2017-06-26 What attempts will be made to import clauses from other trade deals into the re-negotiated NAFTA?
NOTE: Donald Trump signed an executive order on January 23, 2017, taking the U.S. out of the TPP trade deal. Canada was a signatory to the TPP. It was celebrated – – the TPP is dead! HOWEVER,
See 2017-05-21 RE: NAFTA re-negotiation. Where does the TPP (Trans-Pacific Partnership) stand?
IMPORT CLAUSES FROM ONE TRADE DEAL TO ANOTHER, SOME EXAMPLES, REMEMBERING THAT I AM NOT AN EXPERT ON THE TRADE DEALS!
Because the same corporates and bureaucrats are behind the “trade deals” – – be prepared, the re-negotiation of NAFTA may involve a huge push by them to get into NAFTA the same things, and more, as they are trying to get in the other trade deals.
- Delores, publisher of Beyond Banksters, points out, in addition to the bankster clauses, the LIFE SPAN clauses:
CETA: 35 year life (outrageous)
NAFTA, 1994, Jan. 1: 6 month notice to withdraw. (anticipate attempt to get 35 years?)
2. Newspapers mention the currency manipulation rules. Even though Canada and Mexico aren’t currency manipulators, the corporates feel it may be possible to “springboard” the measures (from a new NAFTA) into agreements elsewhere in the world.
3. INTELLECTUAL PROPERTY (IP) CLAUSES FROM TPP INTO NAFTA:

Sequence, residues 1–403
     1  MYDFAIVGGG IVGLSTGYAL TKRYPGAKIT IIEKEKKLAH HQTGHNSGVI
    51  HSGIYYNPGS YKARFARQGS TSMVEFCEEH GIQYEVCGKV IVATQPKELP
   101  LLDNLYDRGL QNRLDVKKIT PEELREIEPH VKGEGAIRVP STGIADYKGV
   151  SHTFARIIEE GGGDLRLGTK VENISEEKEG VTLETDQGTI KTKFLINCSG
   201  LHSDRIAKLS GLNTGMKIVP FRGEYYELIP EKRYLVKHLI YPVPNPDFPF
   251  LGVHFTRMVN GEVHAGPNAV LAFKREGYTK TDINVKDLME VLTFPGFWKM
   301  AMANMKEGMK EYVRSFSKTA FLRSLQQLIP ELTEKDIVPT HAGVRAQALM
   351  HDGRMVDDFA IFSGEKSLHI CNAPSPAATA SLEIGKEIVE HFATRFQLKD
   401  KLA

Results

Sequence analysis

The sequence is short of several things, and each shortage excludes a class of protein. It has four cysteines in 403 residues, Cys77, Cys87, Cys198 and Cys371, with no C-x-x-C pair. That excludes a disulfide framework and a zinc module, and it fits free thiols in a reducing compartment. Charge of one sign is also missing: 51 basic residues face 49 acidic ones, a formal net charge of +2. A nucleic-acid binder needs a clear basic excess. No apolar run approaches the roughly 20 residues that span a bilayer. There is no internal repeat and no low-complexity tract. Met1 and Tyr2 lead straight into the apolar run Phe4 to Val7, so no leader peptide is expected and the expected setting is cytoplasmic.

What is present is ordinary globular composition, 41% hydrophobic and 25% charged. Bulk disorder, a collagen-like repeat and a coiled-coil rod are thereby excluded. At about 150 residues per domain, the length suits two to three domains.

From a business source: https://www.osler.com/en/resources/cross-border/2017/nafta-once-again-becomes-battleground-for-trade-re
It is against the backdrop of the withdrawal of the U.S. from TPP that NAFTA’s three member nations will negotiate an updated NAFTA IP chapter. The TPP IP chapter will almost certainly be the starting point for negotiations. Canada was instrumental in striking balances between U.S. and developing country positions on key IP issues including pharmaceutical data protection and internet service provider liability for third-party copyright infringement. Expect the U.S. to continue to push Canada to ratchet up its IP protection or, at minimum, to use IP concerns as negotiating leverage for more contentious issues.
Canada is unlikely to capitulate on IP issues this time around. It has already made IP concessions in the course of Comprehensive Economic and Trade Agreement (CETA) negotiations, expanding IP protection for pharmaceuticals and signing on to all major IP treaties. The Canadian Intellectual Property Office now indicated it will begin consultations to implement CETA-related changes this summer. Additionally, the Government of Canada has stated it is developing a 21st-century intellectual property strategy, which will be applied not only to NAFTA, but also to ongoing trade negotiations with China, MERCOSUR, the remaining TPP members and others. Canada is far better prepared for a trade-related IP negotiation than it has ever been and may even see fit to push back on TPP concessions.